Skip to 2 minutes and 52 seconds To illustrate some of my points about the way knowledge mobilisation occurs in networks, I’m going to refer to a funded programme of research I led, which focused upon children’s networks. If we take the example of three of these networks, there was a regional cleft lip and palate network, which was mandated by policy to concentrate service in hospital B, which was the hub of the network, with A, C, and D hospitals relating to hospital B. That network was particularly dominated by surgeons. There was a safeguarding network designed to engender child protection that consisted of organisations beyond healthcare including social care, voluntary services, emergency services, and these had particularly significant performance criteria applied to, and they were very visible.
Skip to 3 minutes and 54 seconds For example, accountability around child deaths. And the final network is a paediatric nephrology network. This was a more bottom-up network. Now, I’m going to refer to these three networks to make some points about knowledge mobilisation within networks. If we take the cleft lip and palate network, what happened there was a network structure was imposed upon professional practice with which it was not aligned. So the expertise held by high-status surgeons was located in hospital A. Yet the specialist service was going to be delivered out of hospital B. Perhaps unsurprisingly, the surgeons in hospital A hoarded knowledge rather than shared it with the professionals in hospital B. Hence we see the politics of knowledge sharing.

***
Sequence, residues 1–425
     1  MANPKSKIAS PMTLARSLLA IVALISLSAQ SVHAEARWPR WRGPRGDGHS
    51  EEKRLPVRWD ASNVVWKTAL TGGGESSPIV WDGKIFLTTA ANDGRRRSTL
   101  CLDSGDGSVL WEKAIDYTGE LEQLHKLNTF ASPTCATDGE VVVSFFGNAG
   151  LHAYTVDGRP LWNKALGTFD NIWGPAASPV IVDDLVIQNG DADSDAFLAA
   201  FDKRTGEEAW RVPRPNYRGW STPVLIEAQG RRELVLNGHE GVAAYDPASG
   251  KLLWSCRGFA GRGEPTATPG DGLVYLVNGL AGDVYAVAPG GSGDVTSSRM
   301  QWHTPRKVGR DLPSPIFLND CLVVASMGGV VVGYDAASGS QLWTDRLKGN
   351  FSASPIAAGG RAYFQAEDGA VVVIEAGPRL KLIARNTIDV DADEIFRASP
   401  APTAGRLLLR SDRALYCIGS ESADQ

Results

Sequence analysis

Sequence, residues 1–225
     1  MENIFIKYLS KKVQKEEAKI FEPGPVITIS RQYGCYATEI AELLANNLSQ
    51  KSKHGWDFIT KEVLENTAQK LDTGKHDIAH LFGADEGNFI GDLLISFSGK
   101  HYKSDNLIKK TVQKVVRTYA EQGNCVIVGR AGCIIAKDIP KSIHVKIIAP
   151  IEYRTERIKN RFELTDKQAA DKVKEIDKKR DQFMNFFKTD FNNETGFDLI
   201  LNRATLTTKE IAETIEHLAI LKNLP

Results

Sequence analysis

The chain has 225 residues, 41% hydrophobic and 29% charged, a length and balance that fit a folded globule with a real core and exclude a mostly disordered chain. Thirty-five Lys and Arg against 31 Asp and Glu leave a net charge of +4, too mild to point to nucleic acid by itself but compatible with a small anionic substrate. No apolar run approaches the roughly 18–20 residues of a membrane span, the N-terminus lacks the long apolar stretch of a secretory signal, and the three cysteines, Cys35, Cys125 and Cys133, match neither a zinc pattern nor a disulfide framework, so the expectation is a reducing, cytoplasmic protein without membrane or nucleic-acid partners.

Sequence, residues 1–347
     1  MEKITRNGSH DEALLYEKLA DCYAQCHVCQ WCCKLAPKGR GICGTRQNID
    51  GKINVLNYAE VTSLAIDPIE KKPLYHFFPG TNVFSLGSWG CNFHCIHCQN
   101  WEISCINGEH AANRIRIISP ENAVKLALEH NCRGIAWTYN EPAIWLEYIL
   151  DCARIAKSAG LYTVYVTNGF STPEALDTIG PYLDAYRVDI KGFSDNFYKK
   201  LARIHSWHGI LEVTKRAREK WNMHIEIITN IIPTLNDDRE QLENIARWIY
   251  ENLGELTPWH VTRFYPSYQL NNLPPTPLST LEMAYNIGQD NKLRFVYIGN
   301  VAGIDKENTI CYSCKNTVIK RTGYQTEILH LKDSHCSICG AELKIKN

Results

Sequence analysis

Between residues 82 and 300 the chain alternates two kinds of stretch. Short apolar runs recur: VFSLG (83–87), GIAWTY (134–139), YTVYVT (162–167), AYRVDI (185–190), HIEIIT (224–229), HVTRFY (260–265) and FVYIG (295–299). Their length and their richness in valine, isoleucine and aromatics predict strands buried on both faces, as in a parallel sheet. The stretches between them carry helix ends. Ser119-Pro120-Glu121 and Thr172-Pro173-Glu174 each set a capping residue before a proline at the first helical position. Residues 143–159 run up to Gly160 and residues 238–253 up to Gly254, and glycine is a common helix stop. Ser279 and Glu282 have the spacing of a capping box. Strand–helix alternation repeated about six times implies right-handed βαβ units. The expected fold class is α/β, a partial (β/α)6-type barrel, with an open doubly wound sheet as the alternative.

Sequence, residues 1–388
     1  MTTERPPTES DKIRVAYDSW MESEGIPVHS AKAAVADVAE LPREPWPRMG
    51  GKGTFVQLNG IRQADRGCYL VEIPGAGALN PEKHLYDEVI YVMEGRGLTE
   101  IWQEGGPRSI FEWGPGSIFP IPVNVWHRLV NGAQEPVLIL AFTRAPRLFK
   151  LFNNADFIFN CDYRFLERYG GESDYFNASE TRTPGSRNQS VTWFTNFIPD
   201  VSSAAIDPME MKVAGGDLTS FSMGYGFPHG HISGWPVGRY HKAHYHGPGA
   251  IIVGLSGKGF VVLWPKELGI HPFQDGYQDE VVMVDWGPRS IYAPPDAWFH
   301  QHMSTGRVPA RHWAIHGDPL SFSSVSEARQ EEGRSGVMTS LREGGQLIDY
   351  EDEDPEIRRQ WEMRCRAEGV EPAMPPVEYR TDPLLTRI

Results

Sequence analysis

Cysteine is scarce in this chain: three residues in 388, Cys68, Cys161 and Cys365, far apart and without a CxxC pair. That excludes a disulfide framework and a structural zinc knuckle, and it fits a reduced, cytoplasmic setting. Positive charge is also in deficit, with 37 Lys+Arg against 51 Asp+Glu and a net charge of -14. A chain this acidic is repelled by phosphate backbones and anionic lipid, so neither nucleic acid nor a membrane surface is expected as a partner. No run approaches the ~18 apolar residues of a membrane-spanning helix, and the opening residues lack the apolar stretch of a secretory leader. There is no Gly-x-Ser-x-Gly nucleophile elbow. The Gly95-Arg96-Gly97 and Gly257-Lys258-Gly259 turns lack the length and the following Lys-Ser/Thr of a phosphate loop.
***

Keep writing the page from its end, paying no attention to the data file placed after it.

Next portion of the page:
Skip to 4 minutes and 49 seconds With the safeguarding board, knowledge was also not freely shared. There was concentrated knowledge sharing across three members of that network who were accountable for the performance of the local authority, the mental health provider, and the acute hospital. So knowledge sharing occurred around accountabilities, but didn’t extend to other members of that network. The network that was networked in terms of knowledge mobilisation was the paediatric nephrology network. What allowed this to happen? Well, firstly, it was a bottom-up network. It didn’t have a policy mandate imposed upon it. It had a powerful medical lead, the paediatric nephrologist, who supported open knowledge sharing, indeed was evangelistic about it.